10.25.11 This week’s feature is about Vaughan Wilson, a veteran of Operation Enduring Freedom, our war in Afghanistan, which is 10 years old this month. It’s also about the fact that a decade of war has created a generation of men and women directly affected by its costs and that, as a country, we’re really only just beginning to learn what that means.
My father is a Vietnam veteran. He wasn’t in the infantry, but he saw killing, and more importantly, felt the confusion of the shifting morality that characterized our alliance with the South Vietnamese Army. He went to war when the rest of the country was engaged in the civil rights struggle and a cultural revolution. Missing those changes may have been as painful for him as floating in a tin can in the South China Sea. The point is that wars end, and the warriors have to become civilians again.
These days our fighting men and women represent just over 1/2 percent of the country’s total population, and the lack of a universal draft means for the rest of us they are easier to ignore than ever before. Our veterans are returning to the country’s worst post-war economy in history with wounds, internal and external, that make enjoying a simple outing nearly impossible. The money to take care of them adequately would dramatically expand a Department of Defense budget that’s already grossly inflated.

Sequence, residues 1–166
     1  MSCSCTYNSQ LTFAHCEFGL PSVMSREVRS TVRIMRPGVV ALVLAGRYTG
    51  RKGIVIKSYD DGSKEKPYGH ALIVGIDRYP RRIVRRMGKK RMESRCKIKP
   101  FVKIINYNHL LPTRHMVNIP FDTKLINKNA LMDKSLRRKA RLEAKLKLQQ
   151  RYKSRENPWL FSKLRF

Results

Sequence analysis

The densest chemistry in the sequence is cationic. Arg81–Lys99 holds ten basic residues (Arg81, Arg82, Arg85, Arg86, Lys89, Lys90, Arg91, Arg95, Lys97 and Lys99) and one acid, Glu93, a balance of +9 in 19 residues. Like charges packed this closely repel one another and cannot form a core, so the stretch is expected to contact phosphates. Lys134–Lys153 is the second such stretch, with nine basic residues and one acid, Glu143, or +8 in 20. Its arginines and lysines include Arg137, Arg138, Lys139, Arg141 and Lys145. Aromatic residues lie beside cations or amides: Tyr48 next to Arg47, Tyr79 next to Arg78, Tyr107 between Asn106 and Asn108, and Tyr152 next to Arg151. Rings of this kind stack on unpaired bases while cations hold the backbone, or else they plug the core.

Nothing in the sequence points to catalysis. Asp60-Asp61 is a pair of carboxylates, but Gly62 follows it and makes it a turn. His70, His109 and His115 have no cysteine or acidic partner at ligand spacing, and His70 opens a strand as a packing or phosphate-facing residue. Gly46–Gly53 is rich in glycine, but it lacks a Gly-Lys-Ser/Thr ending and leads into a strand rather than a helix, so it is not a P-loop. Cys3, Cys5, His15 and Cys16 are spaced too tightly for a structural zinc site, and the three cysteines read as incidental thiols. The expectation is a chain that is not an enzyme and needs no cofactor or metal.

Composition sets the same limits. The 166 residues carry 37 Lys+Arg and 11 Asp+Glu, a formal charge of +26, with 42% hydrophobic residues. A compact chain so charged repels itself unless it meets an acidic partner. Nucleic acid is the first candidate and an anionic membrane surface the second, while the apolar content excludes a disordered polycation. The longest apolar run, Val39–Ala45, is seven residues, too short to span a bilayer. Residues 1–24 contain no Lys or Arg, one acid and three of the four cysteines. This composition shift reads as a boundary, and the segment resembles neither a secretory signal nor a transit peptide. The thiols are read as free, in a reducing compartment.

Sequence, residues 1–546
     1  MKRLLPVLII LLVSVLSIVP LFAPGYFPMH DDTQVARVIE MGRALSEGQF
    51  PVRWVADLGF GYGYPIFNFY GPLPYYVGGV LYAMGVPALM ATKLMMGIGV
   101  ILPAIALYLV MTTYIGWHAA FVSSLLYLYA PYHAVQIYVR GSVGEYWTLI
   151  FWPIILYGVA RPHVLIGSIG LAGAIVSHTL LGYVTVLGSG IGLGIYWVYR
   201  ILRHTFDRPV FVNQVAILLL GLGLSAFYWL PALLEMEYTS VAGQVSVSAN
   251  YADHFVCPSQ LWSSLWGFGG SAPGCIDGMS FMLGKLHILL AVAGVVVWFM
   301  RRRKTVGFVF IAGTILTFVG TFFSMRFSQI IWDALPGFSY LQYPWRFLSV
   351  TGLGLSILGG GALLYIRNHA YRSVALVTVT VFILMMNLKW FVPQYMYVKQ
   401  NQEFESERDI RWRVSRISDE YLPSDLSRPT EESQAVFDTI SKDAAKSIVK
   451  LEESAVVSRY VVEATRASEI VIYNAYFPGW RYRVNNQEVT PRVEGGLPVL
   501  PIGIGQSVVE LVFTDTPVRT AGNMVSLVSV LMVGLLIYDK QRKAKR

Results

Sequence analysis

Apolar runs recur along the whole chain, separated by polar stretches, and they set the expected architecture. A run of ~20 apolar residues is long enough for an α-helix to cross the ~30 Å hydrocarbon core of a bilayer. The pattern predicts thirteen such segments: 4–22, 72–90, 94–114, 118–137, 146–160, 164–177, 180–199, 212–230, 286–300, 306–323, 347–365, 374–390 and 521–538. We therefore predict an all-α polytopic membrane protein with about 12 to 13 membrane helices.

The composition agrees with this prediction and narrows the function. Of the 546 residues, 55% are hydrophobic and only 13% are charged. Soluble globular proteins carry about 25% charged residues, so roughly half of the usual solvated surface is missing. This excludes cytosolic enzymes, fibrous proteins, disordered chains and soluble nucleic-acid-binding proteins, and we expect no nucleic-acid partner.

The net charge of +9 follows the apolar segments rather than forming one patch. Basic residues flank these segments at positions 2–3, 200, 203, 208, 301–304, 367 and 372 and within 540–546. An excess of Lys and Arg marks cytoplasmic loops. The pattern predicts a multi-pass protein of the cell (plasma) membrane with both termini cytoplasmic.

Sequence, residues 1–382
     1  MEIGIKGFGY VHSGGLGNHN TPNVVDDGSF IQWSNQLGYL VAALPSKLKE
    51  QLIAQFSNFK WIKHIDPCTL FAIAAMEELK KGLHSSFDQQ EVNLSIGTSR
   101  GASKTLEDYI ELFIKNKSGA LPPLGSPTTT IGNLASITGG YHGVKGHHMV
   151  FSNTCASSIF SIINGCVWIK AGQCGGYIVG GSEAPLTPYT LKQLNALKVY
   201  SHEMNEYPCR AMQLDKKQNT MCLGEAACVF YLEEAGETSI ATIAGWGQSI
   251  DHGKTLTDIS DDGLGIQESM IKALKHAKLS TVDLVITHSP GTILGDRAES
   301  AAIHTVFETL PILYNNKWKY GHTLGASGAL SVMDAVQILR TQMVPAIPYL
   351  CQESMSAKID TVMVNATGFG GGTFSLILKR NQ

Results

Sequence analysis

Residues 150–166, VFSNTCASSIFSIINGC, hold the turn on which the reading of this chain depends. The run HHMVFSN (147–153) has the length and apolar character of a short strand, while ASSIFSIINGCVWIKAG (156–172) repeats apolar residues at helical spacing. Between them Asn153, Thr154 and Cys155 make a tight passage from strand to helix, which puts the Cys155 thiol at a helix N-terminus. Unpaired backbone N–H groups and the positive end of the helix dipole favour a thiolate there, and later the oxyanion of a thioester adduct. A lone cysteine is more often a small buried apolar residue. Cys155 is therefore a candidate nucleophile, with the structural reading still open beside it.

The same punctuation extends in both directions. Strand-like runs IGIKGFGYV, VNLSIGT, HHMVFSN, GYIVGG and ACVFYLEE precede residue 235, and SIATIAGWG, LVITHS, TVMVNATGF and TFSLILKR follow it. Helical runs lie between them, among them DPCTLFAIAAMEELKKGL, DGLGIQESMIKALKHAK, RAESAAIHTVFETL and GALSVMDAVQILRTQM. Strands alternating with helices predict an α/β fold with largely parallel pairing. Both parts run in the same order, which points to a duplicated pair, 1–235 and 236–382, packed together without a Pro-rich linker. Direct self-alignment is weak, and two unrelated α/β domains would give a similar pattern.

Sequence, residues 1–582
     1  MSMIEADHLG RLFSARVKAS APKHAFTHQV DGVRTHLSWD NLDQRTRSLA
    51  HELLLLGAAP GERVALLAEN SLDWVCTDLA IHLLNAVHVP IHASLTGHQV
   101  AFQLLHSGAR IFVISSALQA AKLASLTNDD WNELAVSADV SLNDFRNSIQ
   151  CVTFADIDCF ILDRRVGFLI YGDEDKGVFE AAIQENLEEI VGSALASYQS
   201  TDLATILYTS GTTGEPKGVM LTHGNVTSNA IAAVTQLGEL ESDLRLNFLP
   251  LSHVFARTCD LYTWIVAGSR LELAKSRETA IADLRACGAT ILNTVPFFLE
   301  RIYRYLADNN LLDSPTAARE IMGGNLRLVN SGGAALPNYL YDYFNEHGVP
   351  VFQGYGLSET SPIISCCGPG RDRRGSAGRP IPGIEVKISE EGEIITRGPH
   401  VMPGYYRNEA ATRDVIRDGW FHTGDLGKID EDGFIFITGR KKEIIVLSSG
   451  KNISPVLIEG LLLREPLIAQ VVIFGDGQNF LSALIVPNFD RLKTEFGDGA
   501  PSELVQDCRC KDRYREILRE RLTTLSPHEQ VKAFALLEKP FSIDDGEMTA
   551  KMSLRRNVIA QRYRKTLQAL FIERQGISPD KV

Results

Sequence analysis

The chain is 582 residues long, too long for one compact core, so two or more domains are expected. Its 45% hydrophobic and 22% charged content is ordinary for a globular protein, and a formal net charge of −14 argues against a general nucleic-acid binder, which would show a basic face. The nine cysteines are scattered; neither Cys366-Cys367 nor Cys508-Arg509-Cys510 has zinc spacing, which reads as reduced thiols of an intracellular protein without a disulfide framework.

Which means we all have to look in the mirror. Republicans and Democrats can argue about tax rates, about immigration and health care, about the role of government. But at some point we all have to agree that the defense, pharmaceutical, and agri-business lobbies have got legislators on both sides of the aisle so paralyzed that they can’t see the forest through the trees.
Whether that means occupying public spaces or going back to the drawing board on campaign finance reform is anybody’s best guess, but something has to give.—Giles Morris